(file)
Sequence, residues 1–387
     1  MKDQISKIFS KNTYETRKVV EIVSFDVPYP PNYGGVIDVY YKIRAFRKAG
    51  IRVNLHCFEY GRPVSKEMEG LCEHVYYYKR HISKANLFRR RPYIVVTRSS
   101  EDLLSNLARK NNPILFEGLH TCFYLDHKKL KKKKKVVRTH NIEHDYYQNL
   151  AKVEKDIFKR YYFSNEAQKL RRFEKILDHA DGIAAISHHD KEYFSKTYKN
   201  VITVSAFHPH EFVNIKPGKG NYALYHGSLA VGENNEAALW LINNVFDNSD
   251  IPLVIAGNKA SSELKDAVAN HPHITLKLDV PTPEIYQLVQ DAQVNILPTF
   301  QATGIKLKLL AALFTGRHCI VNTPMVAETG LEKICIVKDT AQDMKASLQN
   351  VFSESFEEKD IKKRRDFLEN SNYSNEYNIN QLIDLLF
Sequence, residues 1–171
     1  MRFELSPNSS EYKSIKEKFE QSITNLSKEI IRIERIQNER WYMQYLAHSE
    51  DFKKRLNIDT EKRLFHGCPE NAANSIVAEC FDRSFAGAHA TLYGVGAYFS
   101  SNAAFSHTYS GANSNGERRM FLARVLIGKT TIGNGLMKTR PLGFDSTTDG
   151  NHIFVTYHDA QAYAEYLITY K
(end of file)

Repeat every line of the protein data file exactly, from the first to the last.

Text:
Sequence, residues 1–387
     1  MKDQISKIFS KNTYETRKVV EIVSFDVPYP PNYGGVIDVY YKIRAFRKAG
    51  IRVNLHCFEY GRPVSKEMEG LCEHVYYYKR HISKANLFRR RPYIVVTRSS
   101  EDLLSNLARK NNPILFEGLH TCFYLDHKKL KKKKKVVRTH NIEHDYYQNL
   151  AKVEKDIFKR YYFSNEAQKL RRFEKILDHA DGIAAISHHD KEYFSKTYKN
   201  VITVSAFHPH EFVNIKPGKG NYALYHGSLA VGENNEAALW LINNVFDNSD
   251  IPLVIAGNKA SSELKDAVAN HPHITLKLDV PTPEIYQLVQ DAQVNILPTF
   301  QATGIKLKLL AALFTGRHCI VNTPMVAETG LEKICIVKDT AQDMKASLQN
   351  VFSESFEEKD IKKRRDFLEN SNYSNEYNIN QLIDLLF
Sequence, residues 1–171
     1  MRFELSPNSS EYKSIKEKFE QSITNLSKEI IRIERIQNER WYMQYLAHSE
    51  DFKKRLNIDT EKRLFHGCPE NAANSIVAEC FDRSFAGAHA TLYGVGAYFS
   101  SNAAFSHTYS GANSNGERRM FLARVLIGKT TIGNGLMKTR PLGFDSTTDG
   151  NHIFVTYHDA QAYAEYLITY K